David Hall predicts 20,000 Irish homes will be repossessed over next six years

Mortgage advocate says level of repossession would be driven by vulture funds who are buying up distressed loans from banks

David Hall, director and co-founder of the Irish Mortgage Holders Organisation.  Photograph: Collins Courts

David Hall, director and co-founder of the Irish Mortgage Holders Organisation. Photograph: Collins Courts

 

David Hall, the mortgage debtor advocate, expects 20,000 homes to be repossessed by banks or so-called vulture funds over the next six years.

“I think we’re into about six more years of this and it’s all over by the time the vulture funds start doing repossessions,” Mr Hall told Inside Business, a podcast with The Irish Times.

Mr Hall was a co-founder of the Irish Mortgage Holders Organisation, a not-for-profit body set up post the 2008 financial crash to help those in mortgage arrears to restructure their loans and remain in their homes.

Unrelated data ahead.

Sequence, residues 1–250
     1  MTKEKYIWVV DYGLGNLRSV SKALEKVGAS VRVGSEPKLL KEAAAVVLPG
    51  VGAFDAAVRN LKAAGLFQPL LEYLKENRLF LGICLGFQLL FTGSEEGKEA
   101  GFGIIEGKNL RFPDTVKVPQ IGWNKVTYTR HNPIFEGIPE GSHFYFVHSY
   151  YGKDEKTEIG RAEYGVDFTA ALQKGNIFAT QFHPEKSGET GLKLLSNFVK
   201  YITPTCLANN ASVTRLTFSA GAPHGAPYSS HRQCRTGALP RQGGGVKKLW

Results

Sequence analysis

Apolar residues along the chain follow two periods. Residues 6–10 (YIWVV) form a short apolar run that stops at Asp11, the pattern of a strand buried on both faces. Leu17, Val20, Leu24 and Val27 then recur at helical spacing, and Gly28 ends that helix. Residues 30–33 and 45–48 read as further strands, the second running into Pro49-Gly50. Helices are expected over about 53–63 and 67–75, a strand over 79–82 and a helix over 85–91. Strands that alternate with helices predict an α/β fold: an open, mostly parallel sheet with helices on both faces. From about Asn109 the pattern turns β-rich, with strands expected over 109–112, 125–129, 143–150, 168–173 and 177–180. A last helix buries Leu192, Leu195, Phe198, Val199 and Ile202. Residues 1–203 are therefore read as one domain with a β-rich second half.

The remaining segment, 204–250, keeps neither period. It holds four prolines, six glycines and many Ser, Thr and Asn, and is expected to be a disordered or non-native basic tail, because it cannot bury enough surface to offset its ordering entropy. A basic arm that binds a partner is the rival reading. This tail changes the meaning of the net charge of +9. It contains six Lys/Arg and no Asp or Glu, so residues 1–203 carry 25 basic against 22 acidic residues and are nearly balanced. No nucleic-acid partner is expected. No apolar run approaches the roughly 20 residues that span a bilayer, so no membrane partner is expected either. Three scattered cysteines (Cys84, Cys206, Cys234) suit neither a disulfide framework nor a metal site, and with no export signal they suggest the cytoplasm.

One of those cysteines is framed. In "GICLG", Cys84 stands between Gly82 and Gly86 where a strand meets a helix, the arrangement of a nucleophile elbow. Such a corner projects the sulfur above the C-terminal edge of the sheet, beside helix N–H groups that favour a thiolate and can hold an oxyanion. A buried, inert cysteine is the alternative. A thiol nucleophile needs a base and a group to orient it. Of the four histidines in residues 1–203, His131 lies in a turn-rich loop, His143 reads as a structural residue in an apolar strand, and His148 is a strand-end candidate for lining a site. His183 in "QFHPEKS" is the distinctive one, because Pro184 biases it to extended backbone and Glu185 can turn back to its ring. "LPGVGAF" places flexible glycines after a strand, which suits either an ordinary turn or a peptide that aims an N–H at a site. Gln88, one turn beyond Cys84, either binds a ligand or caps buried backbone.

Earlier this month, in the wake of Ulster Bank announcing plans to sell €900 million worth of residential loans that are deep in arrears, Mr Hall said a tsunami of repossessions was coming in Ireland.

He told the podcast that the IMHO would establish a “dedicated insolvency office...as most of the loans [in arrears] have gone to vulture funds now”.

This will involve the IMHO having dedicated staff managing debts and loans under the current State framework for insolvency arrangements.

“The restructures that the banks offered, the vulture funds simply don’t offer them. We are going to start having a lot more insolvency arrangements, which is the only way to tackle vulture funds, which they don’t like.”

Mr Hall said the IMHO has 2,636 mortgage arrears cases on its books, and he expects “half” of those will lose their homes. Over what timeframe? “For as long as we can drag it out,” he said.